# Normal Measures and Strongly Compact Cardinals

I will discuss the question of the possible number of normal

measures a non-kappa + 2 strong strongly compact cardinal kappa

can carry. This is part of a joint project with James Cummings.

# Large cardinals need not be large in HOD

I will demonstrate that a large cardinal need not exhibit its large cardinal nature in HOD. I shall begin with the example of a measurable cardinal that is not measurable in HOD, and then afterward describe how to force more extreme examples, such as a model with a supercompact cardinal, which is not weakly compact in HOD. This is very recent joint work with Cheng Yong.

# Welcome to the Set Theory seminar Spring 2014

The set theory seminar will be coordinated in Spring 2014 by Thomas Johnstone.

Tom pointed out that it’s been about ten years that we have been having our weekly Set Theory seminar at CUNY, starting with a few of Joel Hamkins’s graduate students who met on a weekly basis (George, Jonas, Victoria, and himself), and we’ve had many interesting seminar meetings since then.

At this point the schedule is wide open, so please let Tom know if you’d be interested to give a talk.

# A non-standard explanation of Reverse Mathematics

Reverse Mathematics (RM) is a program in the Foundations

of Mathematics initiated around 1975 by Harvey Friedman. We

discuss the aims and results of RM, in particular the “Big Five”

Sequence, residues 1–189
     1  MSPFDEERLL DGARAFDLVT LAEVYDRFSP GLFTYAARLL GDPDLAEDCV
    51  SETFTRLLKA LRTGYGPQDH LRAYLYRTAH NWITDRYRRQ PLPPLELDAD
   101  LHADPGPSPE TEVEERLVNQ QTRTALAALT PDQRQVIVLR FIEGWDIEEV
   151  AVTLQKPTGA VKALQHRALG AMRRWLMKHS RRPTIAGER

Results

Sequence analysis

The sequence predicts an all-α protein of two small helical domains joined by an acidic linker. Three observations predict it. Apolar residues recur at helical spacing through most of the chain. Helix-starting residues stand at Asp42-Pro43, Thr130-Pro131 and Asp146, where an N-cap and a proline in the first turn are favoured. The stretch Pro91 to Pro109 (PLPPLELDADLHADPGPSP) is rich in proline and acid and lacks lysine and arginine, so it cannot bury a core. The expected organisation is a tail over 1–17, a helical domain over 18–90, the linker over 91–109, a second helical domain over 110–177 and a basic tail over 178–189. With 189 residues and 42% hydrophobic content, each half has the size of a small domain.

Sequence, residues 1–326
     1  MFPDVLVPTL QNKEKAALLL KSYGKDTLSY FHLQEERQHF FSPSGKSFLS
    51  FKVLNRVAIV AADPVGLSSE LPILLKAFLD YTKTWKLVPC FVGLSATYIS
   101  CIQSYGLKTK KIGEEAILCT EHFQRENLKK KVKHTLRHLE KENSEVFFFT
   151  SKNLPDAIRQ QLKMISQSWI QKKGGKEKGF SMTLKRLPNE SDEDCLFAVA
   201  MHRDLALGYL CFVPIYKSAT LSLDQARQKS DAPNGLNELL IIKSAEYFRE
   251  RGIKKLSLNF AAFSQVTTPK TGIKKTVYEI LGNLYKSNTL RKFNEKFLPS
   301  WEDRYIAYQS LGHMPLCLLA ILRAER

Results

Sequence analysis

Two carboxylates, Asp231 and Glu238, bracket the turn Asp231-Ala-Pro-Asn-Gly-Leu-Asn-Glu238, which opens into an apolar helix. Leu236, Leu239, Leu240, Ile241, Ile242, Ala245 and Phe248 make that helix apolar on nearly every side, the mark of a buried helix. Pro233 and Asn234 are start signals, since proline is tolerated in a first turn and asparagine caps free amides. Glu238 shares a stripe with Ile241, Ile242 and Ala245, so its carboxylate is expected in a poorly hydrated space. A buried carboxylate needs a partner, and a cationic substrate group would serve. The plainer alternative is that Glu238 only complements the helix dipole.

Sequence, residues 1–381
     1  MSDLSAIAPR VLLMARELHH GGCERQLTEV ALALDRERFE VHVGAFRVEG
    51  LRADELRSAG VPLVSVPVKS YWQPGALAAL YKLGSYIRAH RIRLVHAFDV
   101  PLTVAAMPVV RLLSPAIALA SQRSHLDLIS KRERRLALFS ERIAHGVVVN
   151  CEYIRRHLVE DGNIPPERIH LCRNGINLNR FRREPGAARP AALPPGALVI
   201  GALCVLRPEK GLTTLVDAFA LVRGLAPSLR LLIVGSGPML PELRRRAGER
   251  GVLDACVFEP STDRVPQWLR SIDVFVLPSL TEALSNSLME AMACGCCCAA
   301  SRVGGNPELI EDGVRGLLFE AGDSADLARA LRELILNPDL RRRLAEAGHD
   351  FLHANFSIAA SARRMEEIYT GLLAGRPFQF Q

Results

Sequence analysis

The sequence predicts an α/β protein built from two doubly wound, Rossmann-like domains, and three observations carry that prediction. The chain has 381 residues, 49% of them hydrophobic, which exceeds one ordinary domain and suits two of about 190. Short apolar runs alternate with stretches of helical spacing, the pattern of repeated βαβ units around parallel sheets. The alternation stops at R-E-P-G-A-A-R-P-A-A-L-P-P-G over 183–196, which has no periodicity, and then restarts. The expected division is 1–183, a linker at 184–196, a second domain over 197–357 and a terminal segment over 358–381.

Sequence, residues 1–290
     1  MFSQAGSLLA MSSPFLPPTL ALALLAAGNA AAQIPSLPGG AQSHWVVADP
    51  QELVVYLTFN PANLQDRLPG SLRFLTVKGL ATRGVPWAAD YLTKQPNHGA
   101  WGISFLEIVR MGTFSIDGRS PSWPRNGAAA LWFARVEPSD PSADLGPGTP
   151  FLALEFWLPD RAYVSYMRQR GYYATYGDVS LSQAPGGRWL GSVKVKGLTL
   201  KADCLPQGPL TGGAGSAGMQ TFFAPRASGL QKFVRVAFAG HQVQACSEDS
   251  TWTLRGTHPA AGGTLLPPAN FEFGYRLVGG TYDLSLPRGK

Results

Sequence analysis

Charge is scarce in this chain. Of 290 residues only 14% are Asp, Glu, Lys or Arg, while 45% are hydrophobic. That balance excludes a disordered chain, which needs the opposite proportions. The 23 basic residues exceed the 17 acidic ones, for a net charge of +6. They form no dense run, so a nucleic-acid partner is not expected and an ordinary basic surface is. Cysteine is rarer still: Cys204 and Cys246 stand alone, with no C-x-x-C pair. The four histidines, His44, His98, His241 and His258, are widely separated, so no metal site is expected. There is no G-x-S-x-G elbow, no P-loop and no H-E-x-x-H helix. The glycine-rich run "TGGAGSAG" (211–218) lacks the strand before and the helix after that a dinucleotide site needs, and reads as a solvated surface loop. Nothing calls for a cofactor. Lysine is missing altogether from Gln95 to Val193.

phenomenon. We consider non-standard explanations and

nonstandard robustness results for the Big Five phenomenon.

This is joint work with Damir Dzhafarov.

# Bagaria’s characterization of bounded forcing axioms in terms of generic absoluteness

Goldstern and Shelah (1995) introduced the class of bounded forcing axioms, that is forcing axioms for families of antichains of bounded size. For example, the bounded proper forcing axiom ${\rm BPFA}$ asserts that for any proper forcing notion $\mathbb{P}$ and any collection $D$ of at most $\aleph_1$ many maximal antichains in $\mathbb{P}$, each of size at most $\aleph_1$, there is a filter on $\mathbb{P}$ meeting each antichain in $D$. The speaker will present a theorem of Joan Bagaria (2000) that characterizes bounded forcing axioms in terms of generic absoluteness: for instance, Bagaria’s result shows that ${\rm BPFA}$ is equivalent to the assertion that if a $\Sigma_1$ sentence of the language of set theory with parameters of hereditary size at most $\aleph_1$ is true in some proper forcing extension, then it is already true in the ground model.

# A Jónsson $\omega_1$-like model of set theory

A first-order structure of cardinality $\kappa$ is said to be Jónsson if it has no proper elementary substructure of cardinality $\kappa$. The speaker will prove a theorem of Julia Knight that there is a Jónsson $\omega_1$-like model of set theory, using a construction of Ali Enayat.

# Grounded Martin’s axiom

*I will present a weakening of Martin’s axiom which asserts the existence of partial generics only for ccc posets contained in a ccc ground model. This principle, named the grounded Martin’s axiom, emerges naturally in the analysis of the Solovay-Tennenbaum proof of the consistency of MA. While the grounded MA has some of the combinatorial consequences of MA, it will be shown to be more flexible (being consistent with a singular continuum, for example) and more robust under forcing (being preserved in a strong way under both adding a Cohen or a random real).*